Tuesday, January 25, 2011

Book Giveaway: Your Money Ratios

In the book Your Money Ratios, author Charles Farrell lays out a blueprint for your entire financial life through your working years. If you’ve ever wondered if your debt repayment and retirement savings are on track for your age, this book provides an answer.

The book’s publisher, Penguin Group, has graciously offered an extra copy of the book as a giveaway for my readers. To enter, just send an email to the contact email address in the upper right corner of my blog with the subject “Book”. Readers who subscribe to my feed will have to click through to my web site. Another benefit of going to my site when reading a post is to see the comments other readers leave on that post. All entries received before noon on Sunday, January 30 will be considered for the draw. I reserve the right to eliminate entries that I judge to be outside the spirit of the contest.

The word “ratios” in the title might scare off some readers who think there will be a lot of math. There are numbers, but not too much math. The ratios come from the fact that almost everything in the book is scaled to your income. For example, rather than recommend that you save a particular amount for retirement, Farrell suggests that you should have 12 times your salary saved by the time you’re 65.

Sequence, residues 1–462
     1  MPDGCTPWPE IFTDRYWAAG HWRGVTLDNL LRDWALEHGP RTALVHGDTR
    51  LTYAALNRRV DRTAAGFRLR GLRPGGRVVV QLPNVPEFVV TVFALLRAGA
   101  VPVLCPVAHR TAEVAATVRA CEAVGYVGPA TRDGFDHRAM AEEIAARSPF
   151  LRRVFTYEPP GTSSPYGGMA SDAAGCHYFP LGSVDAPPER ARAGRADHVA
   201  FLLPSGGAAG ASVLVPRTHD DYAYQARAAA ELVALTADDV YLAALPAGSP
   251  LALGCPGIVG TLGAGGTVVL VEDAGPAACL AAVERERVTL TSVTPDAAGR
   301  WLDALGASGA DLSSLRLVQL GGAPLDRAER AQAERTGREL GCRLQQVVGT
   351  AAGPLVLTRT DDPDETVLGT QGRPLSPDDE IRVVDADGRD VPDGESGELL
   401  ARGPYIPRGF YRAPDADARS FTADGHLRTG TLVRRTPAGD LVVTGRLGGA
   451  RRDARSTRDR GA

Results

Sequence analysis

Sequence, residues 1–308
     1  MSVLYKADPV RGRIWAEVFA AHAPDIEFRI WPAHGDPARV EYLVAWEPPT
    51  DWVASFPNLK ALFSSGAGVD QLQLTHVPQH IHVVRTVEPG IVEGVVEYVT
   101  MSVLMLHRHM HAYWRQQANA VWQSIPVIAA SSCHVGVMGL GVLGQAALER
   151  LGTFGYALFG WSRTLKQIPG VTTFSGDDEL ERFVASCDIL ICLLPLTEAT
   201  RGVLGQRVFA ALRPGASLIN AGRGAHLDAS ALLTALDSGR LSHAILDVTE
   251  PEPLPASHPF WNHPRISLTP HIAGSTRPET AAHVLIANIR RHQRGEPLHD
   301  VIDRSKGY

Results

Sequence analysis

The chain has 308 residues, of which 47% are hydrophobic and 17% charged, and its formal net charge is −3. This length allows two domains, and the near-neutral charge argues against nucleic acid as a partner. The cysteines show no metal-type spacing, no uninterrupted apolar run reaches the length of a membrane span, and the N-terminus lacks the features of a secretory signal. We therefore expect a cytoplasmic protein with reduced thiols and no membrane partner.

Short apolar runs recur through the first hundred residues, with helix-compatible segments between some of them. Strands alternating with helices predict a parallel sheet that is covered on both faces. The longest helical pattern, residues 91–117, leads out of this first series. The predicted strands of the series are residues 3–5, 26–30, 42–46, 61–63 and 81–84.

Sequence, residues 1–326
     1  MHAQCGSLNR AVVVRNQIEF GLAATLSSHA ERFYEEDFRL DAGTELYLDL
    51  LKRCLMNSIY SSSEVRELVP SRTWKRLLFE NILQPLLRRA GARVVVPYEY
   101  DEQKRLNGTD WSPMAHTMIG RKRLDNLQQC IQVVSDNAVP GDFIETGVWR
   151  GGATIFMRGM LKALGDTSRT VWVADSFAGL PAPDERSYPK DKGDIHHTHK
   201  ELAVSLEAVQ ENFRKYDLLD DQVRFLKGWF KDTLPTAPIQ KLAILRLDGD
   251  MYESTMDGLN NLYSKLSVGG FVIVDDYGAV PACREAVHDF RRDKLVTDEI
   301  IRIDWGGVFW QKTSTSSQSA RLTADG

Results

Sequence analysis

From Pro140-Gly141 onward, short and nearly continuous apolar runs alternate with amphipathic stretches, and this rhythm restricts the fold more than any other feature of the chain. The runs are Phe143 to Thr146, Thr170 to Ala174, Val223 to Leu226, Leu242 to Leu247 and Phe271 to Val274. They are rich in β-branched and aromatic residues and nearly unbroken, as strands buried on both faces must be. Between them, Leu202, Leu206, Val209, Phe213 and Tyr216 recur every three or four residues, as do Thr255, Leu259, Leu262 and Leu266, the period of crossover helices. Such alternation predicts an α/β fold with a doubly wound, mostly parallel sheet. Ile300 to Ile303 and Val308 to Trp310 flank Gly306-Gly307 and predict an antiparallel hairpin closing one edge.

The core of the book focuses on your total retirement savings, yearly savings, and mortgage size. For example, by age 40 Farrell says that you should have 2.4 times your salary saved for retirement, you should be saving 12% of your salary during the year to add to your savings, and your mortgage should be at most 1.8 times your salary. These numbers change for each age from 25 to 65.

This blueprint of financial progression through your working career is like a pace runner letting you know whether you’re ahead or behind the pace you want to maintain. Farrell’s blueprint may not exactly fit your plans, but you can start with one of the blueprints in the book and modify it to create your own pace runner. The appendix covers situations that call for a different plan (like having a pension) and how to modify your blueprint appropriately.

Other sections of the book cover student loans, life insurance, and other types of insurance. Much of this material is specific to the U.S., but the general advice concerning student loans and life insurance is definitely relevant to Canadians.

I particularly liked the first part of the “Stocks and Bonds 101” section that explained what drives stock prices. I didn’t much like the section on financial advisors. It’s not that I violently disagree with it, but I can’t see how it would be much help to a novice investor out looking for a good advisor. One quote that I don’t agree with is “Most advisors work very hard to take care of their clients and treat their money with the utmost respect.” I think this is only true for a small minority of people who serve as financial advisors.